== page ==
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What are Liquid Staking Tokens (LSTs)?

Liquid Staking Tokens are an important technological innovation allowing participants in proof of stake networks to access liquidity while staking.

What are Liquid Staking Tokens (LSTs)?

A key feature of liquid staking protocols like Liquid Collective is Liquid Staking Tokens (LSTs). LSTs are receipt tokens that allow users to directly participate in staking while also maintaining the ability to use their LST elsewhere in decentralized finance (DeFi) or transfer ownership of their staked tokens. As a result, LSTs like Liquid Staked ETH (LsETH) provide increased liquidity and capital efficiency for stakers.

Liquid Staking Token features

  • When a user stakes their tokens via a liquid staking protocol LSTs are programmatically minted in return. LSTs represent ownership of the staked tokens and any rewards earned from participating in the network.
  • LSTs serve as a blockchain-based document of title certifying that the holder has staked the corresponding token, retains ownership of the staked token, and can present the LST to withdraw the staked token according to network parameters.
  • LSTs can be freely transferred and used in decentralized finance (DeFi) applications and other dapps, providing stakers with access to additional liquidity and capital efficiency.
  • Additionally, most LSTs (including LsETH) do not involve the pooling of tokens for capital formation or asset management, as is the case with some staking-backed yield products that promote "no staking lock-ups." Instead, LSTs simply serve as a transferable receipt for the underlying token that is staked 1:1.

POSA's white papers provide crucial legal analysis for LSTs

The Proof of Stake Alliance (POSA) published two landmark white papers in February 2023 providing the first legal research and analysis defining and considering key questions surrounding liquid staking's regulation and taxation in the U.S.

The papers, which were created by the first-ever working group to bring together legal and policy experts, business leaders, and competitors to align on key liquid staking issues, were released alongside best-practice industry principles regarding LSTs. The working group focused on encouraging self-regulation within the liquid staking industry and was co-chaired by representatives from Alluvial, a team supporting Liquid Collective's development, Lido, a leading liquid staking solution, and legal experts from Willkie Farr & Gallagher.

You can learn more about the white papers in POSA's announcement overview. At a high level, the research by the working group reasoned that:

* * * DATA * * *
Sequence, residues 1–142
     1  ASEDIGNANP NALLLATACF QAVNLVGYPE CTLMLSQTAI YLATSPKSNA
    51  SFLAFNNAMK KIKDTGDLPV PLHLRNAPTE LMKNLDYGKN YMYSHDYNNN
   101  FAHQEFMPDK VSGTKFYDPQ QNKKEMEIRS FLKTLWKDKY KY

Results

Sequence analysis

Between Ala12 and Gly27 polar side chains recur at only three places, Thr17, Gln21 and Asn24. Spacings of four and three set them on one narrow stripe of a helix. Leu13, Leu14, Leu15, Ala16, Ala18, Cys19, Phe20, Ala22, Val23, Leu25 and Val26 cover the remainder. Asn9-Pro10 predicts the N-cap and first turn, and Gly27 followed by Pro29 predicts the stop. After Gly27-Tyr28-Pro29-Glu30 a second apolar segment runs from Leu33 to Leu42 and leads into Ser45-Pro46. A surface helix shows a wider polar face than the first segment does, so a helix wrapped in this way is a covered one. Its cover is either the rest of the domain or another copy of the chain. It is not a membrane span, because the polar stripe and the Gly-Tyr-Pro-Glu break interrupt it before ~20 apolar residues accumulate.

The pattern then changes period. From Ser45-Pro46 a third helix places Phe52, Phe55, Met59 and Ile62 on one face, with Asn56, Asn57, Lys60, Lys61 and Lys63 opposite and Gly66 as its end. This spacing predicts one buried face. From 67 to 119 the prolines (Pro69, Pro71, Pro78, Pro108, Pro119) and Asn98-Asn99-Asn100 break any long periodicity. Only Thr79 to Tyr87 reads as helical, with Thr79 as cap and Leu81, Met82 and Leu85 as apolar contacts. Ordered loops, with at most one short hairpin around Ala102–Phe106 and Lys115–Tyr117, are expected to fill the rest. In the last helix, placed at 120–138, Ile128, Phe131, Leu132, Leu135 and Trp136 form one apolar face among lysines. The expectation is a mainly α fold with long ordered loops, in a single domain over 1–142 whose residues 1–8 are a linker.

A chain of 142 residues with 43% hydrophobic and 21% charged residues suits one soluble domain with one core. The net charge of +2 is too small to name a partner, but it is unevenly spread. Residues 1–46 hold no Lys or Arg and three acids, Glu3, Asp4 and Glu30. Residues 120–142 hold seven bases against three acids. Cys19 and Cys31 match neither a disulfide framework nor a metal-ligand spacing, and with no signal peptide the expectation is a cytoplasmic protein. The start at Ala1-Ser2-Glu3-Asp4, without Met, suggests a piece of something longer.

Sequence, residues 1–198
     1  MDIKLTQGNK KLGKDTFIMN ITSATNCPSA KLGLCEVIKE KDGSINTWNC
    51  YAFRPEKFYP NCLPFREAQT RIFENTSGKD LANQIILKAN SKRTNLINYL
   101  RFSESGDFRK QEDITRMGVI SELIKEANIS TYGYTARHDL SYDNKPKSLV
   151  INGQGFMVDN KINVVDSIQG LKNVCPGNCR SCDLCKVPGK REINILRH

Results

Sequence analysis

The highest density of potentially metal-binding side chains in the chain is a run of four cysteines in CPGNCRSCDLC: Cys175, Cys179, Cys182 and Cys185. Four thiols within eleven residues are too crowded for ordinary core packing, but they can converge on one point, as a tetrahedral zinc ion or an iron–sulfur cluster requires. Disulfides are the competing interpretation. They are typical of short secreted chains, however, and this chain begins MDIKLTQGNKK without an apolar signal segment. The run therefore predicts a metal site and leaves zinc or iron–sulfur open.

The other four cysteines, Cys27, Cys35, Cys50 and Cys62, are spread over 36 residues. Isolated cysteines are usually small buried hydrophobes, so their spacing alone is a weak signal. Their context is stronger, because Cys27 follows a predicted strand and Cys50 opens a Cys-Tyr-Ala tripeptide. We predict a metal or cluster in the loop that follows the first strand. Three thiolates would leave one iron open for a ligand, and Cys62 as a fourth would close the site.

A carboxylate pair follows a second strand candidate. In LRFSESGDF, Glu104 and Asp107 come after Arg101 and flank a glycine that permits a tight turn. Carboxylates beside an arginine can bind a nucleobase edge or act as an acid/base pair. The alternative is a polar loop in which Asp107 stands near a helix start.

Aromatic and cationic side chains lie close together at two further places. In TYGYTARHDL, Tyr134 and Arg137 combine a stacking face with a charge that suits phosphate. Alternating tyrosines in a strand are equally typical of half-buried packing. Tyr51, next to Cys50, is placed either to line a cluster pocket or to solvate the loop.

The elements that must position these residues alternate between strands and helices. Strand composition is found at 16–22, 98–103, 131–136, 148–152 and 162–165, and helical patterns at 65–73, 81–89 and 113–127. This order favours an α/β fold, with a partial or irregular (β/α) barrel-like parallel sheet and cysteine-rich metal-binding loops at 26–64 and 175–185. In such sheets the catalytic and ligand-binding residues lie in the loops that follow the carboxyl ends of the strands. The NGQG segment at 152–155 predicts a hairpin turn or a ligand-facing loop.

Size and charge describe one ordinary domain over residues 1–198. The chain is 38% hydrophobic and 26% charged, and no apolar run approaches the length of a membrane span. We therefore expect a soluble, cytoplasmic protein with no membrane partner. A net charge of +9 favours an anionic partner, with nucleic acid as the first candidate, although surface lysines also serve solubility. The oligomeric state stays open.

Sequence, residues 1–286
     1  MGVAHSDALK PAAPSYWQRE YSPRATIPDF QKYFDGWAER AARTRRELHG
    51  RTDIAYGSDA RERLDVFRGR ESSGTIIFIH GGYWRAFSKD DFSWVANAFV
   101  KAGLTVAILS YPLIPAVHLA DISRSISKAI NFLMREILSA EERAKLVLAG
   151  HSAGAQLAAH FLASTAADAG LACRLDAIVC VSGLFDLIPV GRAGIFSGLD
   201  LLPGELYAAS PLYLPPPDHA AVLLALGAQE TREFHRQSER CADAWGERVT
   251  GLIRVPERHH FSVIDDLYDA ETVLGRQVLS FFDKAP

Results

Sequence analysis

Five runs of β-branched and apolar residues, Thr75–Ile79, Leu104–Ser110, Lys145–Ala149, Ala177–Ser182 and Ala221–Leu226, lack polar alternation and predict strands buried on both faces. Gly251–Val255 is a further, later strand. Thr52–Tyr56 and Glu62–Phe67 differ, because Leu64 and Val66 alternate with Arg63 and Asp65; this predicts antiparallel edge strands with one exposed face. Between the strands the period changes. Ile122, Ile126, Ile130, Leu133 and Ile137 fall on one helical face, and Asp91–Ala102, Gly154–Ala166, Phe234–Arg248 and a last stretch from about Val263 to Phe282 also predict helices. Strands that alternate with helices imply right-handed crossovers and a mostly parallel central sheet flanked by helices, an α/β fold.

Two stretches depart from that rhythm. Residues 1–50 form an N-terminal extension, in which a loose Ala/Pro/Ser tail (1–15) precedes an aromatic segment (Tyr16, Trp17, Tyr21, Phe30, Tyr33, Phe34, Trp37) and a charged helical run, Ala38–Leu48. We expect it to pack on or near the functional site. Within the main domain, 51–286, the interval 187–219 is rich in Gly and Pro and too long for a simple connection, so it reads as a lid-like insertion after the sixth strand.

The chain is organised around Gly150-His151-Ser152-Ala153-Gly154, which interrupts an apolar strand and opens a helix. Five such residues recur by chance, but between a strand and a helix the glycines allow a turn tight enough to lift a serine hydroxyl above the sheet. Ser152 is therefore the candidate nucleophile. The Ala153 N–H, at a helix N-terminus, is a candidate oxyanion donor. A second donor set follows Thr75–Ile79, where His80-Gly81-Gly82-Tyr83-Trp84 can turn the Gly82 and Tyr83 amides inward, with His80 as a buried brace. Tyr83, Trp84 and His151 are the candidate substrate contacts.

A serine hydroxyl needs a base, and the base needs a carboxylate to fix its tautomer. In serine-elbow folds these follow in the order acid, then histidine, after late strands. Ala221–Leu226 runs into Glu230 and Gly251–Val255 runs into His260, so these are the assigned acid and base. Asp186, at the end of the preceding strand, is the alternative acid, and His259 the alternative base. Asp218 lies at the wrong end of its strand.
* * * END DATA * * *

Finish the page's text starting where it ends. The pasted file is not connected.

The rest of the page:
• LSTs should not be considered investment contracts or notes, and, therefore, should not be treated as securities under the U.S. federal securities laws
  • LSTs should not be considered swaps under U.S. federal commodity law
  • The conversion of cryptoassets for receipt tokens (LSTs) should not be considered a taxable transaction for U.S. federal income tax purposes
  • It is important to name tokens appropriately based on the reality of the nature of the relationship between the staked token and the receipt token; as such liquid staking receipts should be named as “Liquid Staking Tokens or “LSTs”

It's important to note that LSTs have also recently (but inaccurately) been called “Liquid Staking Derivatives” (“LSDs”) in the crypto ecosystem. However, LSTs are distinct from derivatives, which are more commonly used to convey synthetic ownership of an asset.

This reiteration that liquid staking receipt tokens should be named Liquid Staking Tokens (and not the inaccurate term, Liquid Staking Derivatives) is also a tenet of the industry principles that POSA and the working group urged all LST builders to abide by, in order to support liquid staking's responsible growth:

  • Use appropriate terminology to describe liquid staking tokens (LSTs) and the nature of activities
  • Focus promotions on increased liquidity, without sacrificing what is of utmost importance—security and participation
  • Develop tools to enable direct staking with access to liquidity, not staking-backed yield products
  • Refrain from providing investment advice

You can learn more about the legal analysis of LSTs in POSA's whitepapers, “U.S. Federal Securities and Commodity Law Analysis of Liquid Staking Receipt Tokens” and “U.S. Federal Income Tax Analysis of Liquid Staking,” or in POSA's announcement, “Proof of Stake Alliance Offers First Legal Research and Analysis on Liquid Staking Tokens: Urges Industry to Self-Regulate.”

Overall, liquid staking tokens offer a unique combination of increased liquidity, capital efficiency, and direct participation in network security, making them an attractive option for those looking to stake their tokens while maintaining flexibility in their ownership. This makes staking more accessible and capital efficient, which in turn helps make proof of stake networks more secure by expanding participation.

You can learn more about LsETH, the LST for Ethereum Liquid Staking on Liquid Collective, in our LsETH overview or the Liquid Collective Litepaper.

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